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Lower limb fractures are fairly common and are associated with a longer hospital stay. Understanding the lower limb fractures, its causes and management are important to help the individual handle his situation.
The bones that are commonly fractured are the femur, tibia, pelvis or one or more of the tarsal bones.


The femur is the bones located on our thighs. It is the longest and strongest bone of the body. It forms some part of the hips and the other end, some parts of the knee. The femur has a heavy vascular supply that any fracture to the bone that will cause pain, swelling and bleeding can be life-threatening. The common sites of fractures are usually seen in the neck and the shaft of the femur.
Due to osteoporosis in the elderly, fractures in the neck of the femur are common. When the patient slips and falls, the rotational force will cause the bone to fracture. By strapping the affected limb to the unaffected side it will give more support to the fractured limb.


Tibia is the larger bone located just below the knees. Fracture of the tibia can occur if there is direct or indirect trauma. Using a padded splint, the affected area can be immobilized to prevent further damage.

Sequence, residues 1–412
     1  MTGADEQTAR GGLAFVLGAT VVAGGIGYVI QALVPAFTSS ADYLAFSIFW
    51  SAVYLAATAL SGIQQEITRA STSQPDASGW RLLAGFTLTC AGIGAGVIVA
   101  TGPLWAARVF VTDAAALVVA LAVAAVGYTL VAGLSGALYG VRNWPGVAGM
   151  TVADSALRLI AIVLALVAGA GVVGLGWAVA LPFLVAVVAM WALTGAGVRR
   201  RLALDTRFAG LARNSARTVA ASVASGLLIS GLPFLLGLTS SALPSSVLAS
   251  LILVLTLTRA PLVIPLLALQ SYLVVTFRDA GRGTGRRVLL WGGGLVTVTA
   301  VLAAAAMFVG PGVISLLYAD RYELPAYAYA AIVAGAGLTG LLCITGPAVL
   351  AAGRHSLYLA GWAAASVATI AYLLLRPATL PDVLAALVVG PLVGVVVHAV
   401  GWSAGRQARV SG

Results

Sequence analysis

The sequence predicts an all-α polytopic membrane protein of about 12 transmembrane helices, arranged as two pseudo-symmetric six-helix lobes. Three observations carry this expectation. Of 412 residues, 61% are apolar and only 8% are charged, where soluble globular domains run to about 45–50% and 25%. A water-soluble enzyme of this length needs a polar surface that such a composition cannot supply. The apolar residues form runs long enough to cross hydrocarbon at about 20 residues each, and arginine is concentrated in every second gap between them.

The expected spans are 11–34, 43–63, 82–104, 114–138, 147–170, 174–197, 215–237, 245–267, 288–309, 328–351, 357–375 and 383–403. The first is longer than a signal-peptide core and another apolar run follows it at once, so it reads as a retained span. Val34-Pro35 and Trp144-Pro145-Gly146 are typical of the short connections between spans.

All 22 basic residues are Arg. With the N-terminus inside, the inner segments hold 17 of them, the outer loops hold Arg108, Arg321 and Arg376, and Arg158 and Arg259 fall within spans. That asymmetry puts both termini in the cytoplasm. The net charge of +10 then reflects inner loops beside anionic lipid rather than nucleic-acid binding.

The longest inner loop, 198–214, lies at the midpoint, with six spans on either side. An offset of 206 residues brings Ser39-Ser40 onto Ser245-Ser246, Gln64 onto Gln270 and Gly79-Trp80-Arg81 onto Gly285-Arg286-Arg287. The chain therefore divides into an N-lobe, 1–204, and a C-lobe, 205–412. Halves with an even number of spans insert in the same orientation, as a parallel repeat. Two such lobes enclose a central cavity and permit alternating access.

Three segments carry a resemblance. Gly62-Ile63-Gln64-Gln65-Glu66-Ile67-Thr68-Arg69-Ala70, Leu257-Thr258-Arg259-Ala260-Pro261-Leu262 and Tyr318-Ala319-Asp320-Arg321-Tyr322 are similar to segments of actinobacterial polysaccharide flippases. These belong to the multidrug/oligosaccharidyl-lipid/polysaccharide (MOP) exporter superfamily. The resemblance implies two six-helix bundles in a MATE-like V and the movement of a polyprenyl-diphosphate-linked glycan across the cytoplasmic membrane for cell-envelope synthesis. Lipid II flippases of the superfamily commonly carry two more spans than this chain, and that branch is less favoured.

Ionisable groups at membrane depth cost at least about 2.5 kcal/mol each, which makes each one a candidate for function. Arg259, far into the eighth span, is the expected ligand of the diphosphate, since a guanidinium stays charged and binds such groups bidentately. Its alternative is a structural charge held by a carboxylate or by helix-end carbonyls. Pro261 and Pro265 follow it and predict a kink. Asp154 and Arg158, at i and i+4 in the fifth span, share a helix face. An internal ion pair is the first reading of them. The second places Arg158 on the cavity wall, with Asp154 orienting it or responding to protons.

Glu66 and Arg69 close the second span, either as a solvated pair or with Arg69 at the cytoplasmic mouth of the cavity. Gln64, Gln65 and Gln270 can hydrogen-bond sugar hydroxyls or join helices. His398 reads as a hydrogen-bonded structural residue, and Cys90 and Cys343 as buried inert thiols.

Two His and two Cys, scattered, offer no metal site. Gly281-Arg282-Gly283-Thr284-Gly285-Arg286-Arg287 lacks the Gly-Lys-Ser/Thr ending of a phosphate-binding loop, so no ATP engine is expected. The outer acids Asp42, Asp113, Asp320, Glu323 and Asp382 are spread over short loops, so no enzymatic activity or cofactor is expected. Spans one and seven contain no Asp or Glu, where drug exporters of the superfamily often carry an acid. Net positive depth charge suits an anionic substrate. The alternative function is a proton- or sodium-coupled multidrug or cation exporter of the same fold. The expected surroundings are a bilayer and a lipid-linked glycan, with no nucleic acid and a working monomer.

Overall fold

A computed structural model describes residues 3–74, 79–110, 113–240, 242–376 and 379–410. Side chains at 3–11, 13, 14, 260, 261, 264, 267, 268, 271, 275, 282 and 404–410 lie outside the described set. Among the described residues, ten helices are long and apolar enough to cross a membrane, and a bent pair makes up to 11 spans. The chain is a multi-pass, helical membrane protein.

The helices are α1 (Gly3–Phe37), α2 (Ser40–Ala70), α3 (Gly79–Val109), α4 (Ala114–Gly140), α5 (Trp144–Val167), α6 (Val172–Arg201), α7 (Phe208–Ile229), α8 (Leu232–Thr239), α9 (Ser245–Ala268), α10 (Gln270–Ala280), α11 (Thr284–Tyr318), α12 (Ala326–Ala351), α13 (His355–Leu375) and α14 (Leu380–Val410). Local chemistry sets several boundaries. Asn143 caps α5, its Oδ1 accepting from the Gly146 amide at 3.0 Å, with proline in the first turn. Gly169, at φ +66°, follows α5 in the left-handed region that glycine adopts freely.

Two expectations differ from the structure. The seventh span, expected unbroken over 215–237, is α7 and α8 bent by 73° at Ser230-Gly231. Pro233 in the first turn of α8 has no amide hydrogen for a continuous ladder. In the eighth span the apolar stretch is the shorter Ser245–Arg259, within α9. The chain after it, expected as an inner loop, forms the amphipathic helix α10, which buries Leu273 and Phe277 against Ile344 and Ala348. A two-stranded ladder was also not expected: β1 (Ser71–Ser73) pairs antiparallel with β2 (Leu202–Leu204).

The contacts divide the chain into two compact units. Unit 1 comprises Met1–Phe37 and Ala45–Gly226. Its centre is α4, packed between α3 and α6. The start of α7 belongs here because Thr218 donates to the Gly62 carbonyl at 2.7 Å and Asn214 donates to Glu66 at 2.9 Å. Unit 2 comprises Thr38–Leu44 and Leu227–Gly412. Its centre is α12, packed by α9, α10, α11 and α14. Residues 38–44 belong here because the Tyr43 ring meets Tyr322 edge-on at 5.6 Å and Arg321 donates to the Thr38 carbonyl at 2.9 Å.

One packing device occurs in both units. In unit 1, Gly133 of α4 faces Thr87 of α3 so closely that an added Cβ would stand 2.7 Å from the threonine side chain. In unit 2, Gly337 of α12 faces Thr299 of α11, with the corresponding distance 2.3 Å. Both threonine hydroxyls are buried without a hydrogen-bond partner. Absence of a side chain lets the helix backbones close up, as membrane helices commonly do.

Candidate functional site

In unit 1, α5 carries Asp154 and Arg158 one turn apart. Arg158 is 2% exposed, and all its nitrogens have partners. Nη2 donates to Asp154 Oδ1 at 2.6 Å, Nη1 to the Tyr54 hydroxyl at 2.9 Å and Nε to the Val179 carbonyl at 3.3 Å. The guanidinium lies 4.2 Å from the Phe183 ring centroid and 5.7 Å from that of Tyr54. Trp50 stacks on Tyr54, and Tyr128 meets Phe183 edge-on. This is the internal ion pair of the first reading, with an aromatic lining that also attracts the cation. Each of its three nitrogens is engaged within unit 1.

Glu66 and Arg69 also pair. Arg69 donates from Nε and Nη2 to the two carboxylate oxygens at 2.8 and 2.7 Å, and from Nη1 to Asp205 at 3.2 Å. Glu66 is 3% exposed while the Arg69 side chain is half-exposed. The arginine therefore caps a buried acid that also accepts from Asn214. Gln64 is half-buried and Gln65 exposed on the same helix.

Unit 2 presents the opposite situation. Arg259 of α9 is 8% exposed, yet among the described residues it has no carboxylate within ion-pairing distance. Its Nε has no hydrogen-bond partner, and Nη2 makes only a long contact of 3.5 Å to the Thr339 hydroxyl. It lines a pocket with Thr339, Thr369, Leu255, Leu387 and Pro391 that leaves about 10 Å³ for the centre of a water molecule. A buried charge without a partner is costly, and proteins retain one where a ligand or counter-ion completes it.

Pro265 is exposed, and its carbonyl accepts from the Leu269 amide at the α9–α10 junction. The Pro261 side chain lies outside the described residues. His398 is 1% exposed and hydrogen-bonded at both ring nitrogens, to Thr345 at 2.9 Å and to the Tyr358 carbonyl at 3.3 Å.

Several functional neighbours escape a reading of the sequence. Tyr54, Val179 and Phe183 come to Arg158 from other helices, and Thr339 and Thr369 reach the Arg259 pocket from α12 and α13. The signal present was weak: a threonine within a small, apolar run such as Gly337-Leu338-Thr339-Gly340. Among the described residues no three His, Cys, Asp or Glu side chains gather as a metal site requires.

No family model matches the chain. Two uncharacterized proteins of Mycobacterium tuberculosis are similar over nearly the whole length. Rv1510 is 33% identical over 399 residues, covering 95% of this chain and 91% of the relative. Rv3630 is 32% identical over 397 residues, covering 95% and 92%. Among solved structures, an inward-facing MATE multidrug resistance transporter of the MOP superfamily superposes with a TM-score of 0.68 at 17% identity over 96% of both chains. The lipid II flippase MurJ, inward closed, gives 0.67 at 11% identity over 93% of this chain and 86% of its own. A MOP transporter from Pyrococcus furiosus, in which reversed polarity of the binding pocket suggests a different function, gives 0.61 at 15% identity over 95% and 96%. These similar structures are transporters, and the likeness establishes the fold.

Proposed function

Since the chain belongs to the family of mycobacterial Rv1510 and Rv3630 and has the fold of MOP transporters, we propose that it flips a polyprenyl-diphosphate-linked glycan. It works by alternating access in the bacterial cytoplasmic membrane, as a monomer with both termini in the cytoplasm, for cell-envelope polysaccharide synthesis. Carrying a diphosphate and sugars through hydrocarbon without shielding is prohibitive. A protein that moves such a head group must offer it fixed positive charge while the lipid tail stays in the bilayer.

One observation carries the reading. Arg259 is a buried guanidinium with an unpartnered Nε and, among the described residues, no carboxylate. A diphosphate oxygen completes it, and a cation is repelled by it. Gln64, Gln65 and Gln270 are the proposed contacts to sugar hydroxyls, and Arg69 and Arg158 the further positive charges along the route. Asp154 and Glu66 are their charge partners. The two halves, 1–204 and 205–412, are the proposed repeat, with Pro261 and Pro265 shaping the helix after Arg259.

The clusters of bones in the foot are called tarsi. The tarsi bones provide stability, are shock absorbers, carry weight and help in movement. The common cause of bone fractures in the foot can occur from a fall, crash injuries or rotational force.


A fracture of the pelvis can be a bit life-threatening. Because the pelvis cradles almost all internal organs, a fracture might cause internal bleeding that can be seen by naked eyes.

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If you think you are suffering from Fracture of the Femur, Tibia, Pelvis of One of the Tarsal you should seek medical assistance. You may also be entitled to Social Security Disability Benefits. The SSA considered Fracture of the Femur, Tibia, Pelvis of One of the Tarsal as a medical condition that would make you eligible for SSDI and SSI. Social Security Administration (SSA) maintains a “Listing of Medical Impairments” (known as the blue book) that automatically qualify you for Social Security Disability Insurance (SSDI) or Supplemental Security Income (SSI).